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5 things to know about Alibaba counterfeit lawsuit: http://t.co/8qzG5wvvqB Alibaba says Kering has no grounds to sue: http://t.co/zoYz2TGmUj

May 19 2015 01:47 ·  reply ·  retweet ·  favourite
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Breaking: #Netflix in talks with Jack Ma-backed Wasu to enter #China http://t.co/1xeHEOEuNy follows the #Tencent + #HBO move

May 15 2015 04:08 ·  reply ·  retweet ·  favourite
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Our translation of the 2015 Foreign Investment Catalogue is now up: http://t.co/E81HRB8ht3 keeping track of #China's #FDI developments

May 14 2015 08:40 ·  reply ·  retweet ·  favourite

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Copy culture

A new wave of copycat items is flooding China’s already-saturated market for counterfeits. But IP owners should worry less about the products, and more about the thinking behind them.

Date: 08 May 2009

Keywords (click to search): IP intellectual property shanzhai counterfeits copyright patent trademark

By Phil Taylor.

Counterfeits in China are nothing new. But sophisticated look-alike products produced by entrepreneurs and openly and actively promoted as identical to – or better than – the originals, are a more recent phenomenon. The trend, and the philosophy behind it, is known as shanzhai ( 山寨). It is rapidly becoming one of the biggest threats to companies with legitimate rights to protect.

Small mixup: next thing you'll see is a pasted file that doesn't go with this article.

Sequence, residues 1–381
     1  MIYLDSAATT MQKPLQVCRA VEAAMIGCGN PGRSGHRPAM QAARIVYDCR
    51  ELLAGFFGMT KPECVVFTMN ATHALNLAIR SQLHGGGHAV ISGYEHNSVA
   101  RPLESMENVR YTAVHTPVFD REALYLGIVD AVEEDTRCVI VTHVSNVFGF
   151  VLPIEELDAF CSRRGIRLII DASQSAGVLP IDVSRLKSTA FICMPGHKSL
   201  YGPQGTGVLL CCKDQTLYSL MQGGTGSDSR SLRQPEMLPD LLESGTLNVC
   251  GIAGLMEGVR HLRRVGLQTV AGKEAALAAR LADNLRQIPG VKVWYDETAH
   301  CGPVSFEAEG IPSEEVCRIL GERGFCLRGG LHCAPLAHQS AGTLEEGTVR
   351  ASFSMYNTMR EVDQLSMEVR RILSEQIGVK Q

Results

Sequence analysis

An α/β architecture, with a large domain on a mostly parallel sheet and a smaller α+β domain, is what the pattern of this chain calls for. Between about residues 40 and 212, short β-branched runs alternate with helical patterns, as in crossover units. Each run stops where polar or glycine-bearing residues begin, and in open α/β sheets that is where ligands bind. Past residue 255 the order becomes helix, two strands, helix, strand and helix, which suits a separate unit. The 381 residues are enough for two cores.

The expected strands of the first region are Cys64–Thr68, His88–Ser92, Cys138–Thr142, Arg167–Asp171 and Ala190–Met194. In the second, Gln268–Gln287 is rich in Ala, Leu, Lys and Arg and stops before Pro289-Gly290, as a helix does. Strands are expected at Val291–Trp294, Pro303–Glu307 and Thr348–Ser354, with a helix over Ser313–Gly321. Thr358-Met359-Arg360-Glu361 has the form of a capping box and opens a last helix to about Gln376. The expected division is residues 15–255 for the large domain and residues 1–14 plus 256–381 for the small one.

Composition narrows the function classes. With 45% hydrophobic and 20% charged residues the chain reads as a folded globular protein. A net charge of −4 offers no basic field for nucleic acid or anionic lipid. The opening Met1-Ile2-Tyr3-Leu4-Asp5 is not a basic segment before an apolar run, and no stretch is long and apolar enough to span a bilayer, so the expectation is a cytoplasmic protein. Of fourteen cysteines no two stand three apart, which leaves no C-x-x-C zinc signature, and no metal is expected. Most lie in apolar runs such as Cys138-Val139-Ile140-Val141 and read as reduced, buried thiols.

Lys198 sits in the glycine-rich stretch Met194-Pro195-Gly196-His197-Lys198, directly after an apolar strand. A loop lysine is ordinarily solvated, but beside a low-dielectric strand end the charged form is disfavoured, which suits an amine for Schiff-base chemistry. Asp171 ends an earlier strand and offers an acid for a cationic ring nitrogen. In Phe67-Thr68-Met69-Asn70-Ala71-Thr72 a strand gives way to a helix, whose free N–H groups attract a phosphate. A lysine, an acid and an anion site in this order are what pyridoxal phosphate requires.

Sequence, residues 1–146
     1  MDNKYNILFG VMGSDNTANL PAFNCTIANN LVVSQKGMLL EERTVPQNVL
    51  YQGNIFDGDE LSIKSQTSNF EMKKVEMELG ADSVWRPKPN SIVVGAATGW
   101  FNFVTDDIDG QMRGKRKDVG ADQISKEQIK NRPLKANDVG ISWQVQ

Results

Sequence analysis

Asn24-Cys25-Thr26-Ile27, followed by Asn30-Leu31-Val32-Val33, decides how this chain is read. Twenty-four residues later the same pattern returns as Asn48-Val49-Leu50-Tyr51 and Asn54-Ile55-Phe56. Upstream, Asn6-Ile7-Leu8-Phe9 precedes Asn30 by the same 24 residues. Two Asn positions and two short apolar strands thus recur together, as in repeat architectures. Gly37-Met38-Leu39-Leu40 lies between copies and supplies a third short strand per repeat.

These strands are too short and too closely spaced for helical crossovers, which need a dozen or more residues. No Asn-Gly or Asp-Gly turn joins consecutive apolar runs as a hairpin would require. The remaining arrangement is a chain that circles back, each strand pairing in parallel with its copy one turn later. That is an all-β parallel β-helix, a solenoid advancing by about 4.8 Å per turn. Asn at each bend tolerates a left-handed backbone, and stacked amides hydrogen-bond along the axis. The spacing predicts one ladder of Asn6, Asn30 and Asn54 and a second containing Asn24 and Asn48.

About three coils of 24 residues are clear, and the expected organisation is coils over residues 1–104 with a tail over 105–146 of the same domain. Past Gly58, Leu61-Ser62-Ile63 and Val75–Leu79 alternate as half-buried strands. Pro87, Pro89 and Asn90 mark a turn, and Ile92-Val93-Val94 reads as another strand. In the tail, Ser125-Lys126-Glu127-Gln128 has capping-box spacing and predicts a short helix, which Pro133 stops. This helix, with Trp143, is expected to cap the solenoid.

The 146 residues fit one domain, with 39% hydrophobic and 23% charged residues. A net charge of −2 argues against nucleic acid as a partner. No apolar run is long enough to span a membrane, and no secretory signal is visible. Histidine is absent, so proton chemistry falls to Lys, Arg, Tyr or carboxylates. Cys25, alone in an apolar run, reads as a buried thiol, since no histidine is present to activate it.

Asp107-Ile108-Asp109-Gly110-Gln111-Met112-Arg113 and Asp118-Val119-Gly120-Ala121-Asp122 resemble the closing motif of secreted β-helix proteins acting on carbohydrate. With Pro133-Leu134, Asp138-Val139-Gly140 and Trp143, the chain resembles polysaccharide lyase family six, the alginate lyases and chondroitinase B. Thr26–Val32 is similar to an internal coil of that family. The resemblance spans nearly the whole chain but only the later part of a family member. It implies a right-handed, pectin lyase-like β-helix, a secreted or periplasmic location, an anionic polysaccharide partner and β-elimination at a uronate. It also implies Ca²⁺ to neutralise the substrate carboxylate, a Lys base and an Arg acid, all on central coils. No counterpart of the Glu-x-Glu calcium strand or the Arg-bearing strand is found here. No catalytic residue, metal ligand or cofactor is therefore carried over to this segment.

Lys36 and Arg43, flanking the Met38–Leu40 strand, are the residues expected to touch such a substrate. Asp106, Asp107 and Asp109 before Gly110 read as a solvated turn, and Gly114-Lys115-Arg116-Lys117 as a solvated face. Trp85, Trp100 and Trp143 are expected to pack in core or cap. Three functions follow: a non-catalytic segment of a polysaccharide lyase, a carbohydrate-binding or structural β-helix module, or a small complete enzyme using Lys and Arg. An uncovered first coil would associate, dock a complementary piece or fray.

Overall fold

The term comes originally from Cantonese slang: although the literal meaning of the Chinese expression is mountain village, in Guangdong province it has been used for many years to refer to badly-equipped, small-town factories which sprung up in the countryside after Deng Xiaoping’s reforms in the late 1970s. In the past two years, the term has gone mainstream and is now widely used across China as a term referring to look-alikes, parodies, or knock-off products. One online commentator has translated the expression as poor man’s: the popular HiPhone,...


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